As Charlton points out, you don’t have to be elderly to like comfort. “I work in fashion, but I dress for comfort most of the time too, especially in jeans, so I know how important it is.
“Also, I don’t like stapling garments to one sex. Not every male would wear one of my dresses, but they could, because they’re oversized. If a guy wanted to wear one with, or without a pair of the trousers, that would be amazing.”
Working with the elderly also means that Charlton has benefited from the occasional crochet lesson from her clients.
“I’m still learning to crochet, but I can knit. The knitting in the collection is all hand-knitted and I have a loom as well. My mother and I did the big alpaca scarf – it took us 28 hours to do.”
When Charlton isn’t designing or caring, she’s dancing, another strand of her life that feeds into her clothes.
“I did Highland, ballet and tap when I was a kid, and I recently decided to take up dance again. I didn’t want to go to the gym – that’s boring. I’m also a pole dancing instructor, so I’m at both ends of the spectrum. Dancing has made me think about designing clothes that you can move and stretch in.”
As well as taking inspiration from her environment, caring and dance, Charlton is also inspired by the one-off US fashion legend Iris Apfel. “It’s all about silhouettes for me,” she says.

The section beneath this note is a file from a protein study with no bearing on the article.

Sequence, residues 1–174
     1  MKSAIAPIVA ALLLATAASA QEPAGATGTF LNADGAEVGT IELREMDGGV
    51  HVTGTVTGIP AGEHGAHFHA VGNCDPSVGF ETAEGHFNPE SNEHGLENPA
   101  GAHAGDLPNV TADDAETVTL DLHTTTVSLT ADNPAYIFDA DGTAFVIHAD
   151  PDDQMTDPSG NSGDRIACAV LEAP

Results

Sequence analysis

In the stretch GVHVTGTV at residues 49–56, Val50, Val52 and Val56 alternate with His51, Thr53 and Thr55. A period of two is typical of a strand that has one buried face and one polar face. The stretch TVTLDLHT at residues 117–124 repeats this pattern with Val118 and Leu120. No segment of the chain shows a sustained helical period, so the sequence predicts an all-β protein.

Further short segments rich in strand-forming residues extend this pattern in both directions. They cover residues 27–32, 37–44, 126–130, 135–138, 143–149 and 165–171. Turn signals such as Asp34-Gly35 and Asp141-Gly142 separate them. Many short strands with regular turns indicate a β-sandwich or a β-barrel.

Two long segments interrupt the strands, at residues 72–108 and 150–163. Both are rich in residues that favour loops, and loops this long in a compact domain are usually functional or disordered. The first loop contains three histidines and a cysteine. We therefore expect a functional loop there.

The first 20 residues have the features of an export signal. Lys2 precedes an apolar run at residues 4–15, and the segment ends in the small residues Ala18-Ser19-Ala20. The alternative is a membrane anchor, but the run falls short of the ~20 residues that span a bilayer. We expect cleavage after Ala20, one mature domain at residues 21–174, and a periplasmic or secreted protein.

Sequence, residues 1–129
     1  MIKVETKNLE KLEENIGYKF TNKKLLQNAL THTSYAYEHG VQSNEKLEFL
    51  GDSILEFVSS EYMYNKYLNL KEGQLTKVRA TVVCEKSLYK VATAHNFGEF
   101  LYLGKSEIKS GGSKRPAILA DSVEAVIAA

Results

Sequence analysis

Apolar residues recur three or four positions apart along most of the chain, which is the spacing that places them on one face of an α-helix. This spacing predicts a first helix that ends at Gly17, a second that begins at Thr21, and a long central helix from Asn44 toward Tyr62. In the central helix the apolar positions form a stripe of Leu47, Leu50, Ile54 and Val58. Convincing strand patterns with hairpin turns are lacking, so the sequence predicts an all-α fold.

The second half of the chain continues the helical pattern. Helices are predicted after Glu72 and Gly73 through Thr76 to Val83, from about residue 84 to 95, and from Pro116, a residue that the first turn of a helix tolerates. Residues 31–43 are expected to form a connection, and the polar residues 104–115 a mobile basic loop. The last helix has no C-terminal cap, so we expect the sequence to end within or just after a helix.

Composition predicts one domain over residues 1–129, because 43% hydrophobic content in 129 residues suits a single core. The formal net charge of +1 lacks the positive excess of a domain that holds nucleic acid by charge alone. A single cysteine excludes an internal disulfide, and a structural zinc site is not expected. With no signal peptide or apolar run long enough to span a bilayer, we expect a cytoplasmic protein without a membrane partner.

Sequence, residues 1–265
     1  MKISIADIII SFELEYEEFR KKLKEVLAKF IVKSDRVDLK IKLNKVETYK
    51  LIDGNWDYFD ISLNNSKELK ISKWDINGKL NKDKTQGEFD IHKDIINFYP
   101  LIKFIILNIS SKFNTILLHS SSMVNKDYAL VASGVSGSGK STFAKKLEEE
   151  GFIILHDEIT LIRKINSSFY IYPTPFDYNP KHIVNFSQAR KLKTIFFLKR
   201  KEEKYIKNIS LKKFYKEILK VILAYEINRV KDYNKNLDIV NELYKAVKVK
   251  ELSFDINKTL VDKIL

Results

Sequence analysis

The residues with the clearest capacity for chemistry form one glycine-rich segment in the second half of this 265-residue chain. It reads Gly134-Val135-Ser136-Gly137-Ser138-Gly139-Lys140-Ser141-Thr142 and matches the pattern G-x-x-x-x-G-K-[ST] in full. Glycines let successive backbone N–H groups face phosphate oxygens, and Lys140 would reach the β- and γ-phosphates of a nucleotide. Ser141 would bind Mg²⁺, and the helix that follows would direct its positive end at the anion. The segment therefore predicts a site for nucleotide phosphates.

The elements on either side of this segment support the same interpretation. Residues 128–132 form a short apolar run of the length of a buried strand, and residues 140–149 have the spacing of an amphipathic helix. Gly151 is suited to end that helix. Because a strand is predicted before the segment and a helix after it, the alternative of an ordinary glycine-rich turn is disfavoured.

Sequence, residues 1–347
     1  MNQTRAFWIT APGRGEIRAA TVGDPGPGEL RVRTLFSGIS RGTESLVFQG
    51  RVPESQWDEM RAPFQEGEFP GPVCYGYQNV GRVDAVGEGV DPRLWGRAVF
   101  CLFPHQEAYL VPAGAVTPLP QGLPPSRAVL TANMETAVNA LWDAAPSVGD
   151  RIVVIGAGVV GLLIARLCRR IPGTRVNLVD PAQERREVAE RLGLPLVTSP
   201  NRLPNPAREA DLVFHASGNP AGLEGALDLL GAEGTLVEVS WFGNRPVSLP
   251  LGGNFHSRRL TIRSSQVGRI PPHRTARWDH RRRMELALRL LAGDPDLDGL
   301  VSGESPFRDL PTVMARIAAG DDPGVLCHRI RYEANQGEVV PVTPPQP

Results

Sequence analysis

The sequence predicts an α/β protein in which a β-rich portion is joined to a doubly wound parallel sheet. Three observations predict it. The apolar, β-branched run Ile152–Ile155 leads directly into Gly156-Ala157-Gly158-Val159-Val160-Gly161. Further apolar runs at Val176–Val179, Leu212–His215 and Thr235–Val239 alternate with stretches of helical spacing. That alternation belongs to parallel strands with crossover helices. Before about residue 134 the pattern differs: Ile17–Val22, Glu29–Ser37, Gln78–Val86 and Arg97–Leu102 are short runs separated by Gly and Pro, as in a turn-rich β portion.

Charlton cares too about the sourcing of her materials and does everything she can to make sure the cotton, wool and bamboo – that’s right, bamboo – she uses is ethical.
“The cotton I use is organic, from Kerala in India, and so is the thread. One day I ran out and had to wait for the next order to arrive before I could sew anything. I just couldn’t use anything else. The bamboo fabric comes from the same supplier as the cotton and it’s amazing, softer than cotton, more durable and breaks down faster.
“Everything is Scottish made, which is important to me,” she says.
“I collaborate with designers, photographers and stylists across Scotland and there’s a huge amount of talent here. Customers like it too, so I want to stick with it. I want to stay here, although I have considered Scandinavia where I have family and my boyfriend works, so I visit there,” she says.
“I want people to get more wear out of their clothes and stop fast fashion, where things are thrown away. It makes me sad that people are buying things made in poor conditions from the likes of Primark (not that I haven’t shopped there too) only to throw it away.”
Currently looking to widen her stockists, Charlton doesn’t want to expand too fast, preferring to grow organically.
“This is my third collection and I don’t feel the need to rush on to the next one. I need time to manufacture the collections I’ve already created.
“I’m trying to stay away from fast fashion and the constantly new, new, new. I will add new elements if I want to. For example, I’d like to do organic lingerie.”
Bamboo knickers anyone? How do you say that in Doric?